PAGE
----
Hi all,
I’ve been curious about how these two observations can coexist without contradiction. Adversarial learning research suggests that even small input or weight perturbations can significantly alter outputs. If perturbing some weights causes such issues, wouldn’t perturbing all weights during quantization be even more harmful?

I have a few theories:

Perhaps adversarial perturbations are abundant but rare, so a random perturbation like quantization is unlikely to be adversarial.

Maybe quantization does introduce errors, but they only affect a small subset of outputs, so the overall impact is minimal.

Random weight perturbations could be less harmful in very large networks.

Does anyone know of any studies that explain why quantization isn’t more damaging?

Imagine getting directions or advice from two people: one gives vague answers that are mostly somewhat accurate, while the other tells the truth 99% of the time but deliberately misleads you in critical situations. The key term here is “adversarial”—it’s easy to trick a model if you fully understand how it operates.

There’s significant redundancy in the features. If one feature has a large error from quantization, others will adjust to compensate and reduce the overall loss. This is why weights must be retrained after quantization—simply quantizing the weights isn’t enough; retraining is needed to find the optimal solution and avoid losing performance.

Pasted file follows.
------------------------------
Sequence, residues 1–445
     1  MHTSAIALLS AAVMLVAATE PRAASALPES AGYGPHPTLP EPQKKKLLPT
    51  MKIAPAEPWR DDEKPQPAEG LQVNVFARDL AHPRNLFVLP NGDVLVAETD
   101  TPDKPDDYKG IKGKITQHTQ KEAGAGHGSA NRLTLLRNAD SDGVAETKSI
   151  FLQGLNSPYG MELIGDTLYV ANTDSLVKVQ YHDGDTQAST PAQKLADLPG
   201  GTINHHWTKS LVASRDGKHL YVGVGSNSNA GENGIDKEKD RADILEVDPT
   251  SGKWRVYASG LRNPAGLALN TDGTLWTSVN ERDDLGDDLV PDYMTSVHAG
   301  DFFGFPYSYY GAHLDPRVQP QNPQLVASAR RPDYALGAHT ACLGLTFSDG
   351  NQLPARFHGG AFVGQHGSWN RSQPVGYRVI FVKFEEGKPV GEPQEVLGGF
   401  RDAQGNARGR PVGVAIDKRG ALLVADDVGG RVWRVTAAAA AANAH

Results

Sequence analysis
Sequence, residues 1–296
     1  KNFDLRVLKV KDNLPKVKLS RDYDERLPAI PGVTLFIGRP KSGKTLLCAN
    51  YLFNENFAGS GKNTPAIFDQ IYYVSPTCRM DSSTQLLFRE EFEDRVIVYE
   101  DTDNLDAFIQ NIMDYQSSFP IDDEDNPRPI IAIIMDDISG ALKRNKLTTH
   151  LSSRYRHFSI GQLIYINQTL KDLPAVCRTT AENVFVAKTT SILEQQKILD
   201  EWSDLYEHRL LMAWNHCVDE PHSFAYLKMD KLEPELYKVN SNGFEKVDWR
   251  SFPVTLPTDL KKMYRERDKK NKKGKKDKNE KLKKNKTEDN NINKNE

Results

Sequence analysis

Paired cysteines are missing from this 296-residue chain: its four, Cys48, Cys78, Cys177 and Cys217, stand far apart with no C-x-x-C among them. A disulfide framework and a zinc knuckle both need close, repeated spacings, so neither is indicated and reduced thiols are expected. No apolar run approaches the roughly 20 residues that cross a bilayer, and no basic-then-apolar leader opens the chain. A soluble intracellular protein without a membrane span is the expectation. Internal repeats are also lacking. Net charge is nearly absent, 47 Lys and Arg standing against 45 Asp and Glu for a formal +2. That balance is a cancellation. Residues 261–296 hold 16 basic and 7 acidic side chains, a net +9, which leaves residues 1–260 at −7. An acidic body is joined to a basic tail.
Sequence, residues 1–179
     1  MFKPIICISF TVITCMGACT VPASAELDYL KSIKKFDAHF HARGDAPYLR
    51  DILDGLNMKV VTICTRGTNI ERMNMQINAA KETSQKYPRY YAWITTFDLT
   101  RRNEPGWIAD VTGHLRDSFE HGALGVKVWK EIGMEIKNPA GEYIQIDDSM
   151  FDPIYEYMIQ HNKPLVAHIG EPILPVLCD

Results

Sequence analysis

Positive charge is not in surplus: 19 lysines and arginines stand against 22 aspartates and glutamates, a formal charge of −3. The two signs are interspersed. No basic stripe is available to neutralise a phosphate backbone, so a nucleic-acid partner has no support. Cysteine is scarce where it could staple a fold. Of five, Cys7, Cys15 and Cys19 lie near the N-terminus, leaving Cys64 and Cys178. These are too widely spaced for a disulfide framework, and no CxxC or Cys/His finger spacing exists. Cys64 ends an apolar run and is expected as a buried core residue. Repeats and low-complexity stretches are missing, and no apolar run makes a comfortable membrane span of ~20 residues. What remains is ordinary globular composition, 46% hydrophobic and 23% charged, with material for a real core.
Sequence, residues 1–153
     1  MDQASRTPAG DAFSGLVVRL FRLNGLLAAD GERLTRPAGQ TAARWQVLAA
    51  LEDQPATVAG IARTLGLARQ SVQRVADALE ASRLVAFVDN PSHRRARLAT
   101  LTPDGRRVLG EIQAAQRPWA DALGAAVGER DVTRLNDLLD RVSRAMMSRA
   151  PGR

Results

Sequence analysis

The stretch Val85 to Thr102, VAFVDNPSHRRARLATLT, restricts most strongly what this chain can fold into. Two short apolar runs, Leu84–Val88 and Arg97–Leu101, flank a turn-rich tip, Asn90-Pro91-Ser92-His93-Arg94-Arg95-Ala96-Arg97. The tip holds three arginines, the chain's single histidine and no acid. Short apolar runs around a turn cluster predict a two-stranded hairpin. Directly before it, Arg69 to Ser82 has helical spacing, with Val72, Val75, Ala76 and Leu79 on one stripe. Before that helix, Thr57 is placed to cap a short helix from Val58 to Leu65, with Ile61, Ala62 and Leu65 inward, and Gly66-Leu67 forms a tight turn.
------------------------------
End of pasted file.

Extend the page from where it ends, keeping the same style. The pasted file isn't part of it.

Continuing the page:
I agree with this reasoning. In a classification problem, you can imagine classes as (non-Euclidean) spheres in space, where points in the same class lie within the same sphere, and a class can occupy multiple separate spheres. If you take a point (x) near the boundary and apply a small perturbation (\epsilon), its neighbor (x + \epsilon) might fall into a different class. So, as long as you stay away from the boundary, you’re safe.

I agree with your first guess. I actually conducted a similar experiment for a paper last year. For a ResNet18 trained on CIFAR10, adding random perturbations with a magnitude of 0.1 to images didn’t change any model predictions. Even with perturbations up to a magnitude of 1.0, 96.5% of the predictions remained the same. We observed similar results for MLPs trained on MNIST and FMNIST.

Of course, these are perturbations in the input space rather than the weight space, but my intuition is that we’d see similar outcomes with random weight perturbations.

The necessity of computing non-trivial adversarial examples through many steps of gradient descent implies they have an effective probability of zero. Likewise, trivial adversarial examples, such as setting a pixel value to infinity, also have a probability of zero. In contrast, quantization merely introduces random noise to parameters, and since we already employ stochastic gradient descent, the additional noise doesn’t significantly affect the outcome.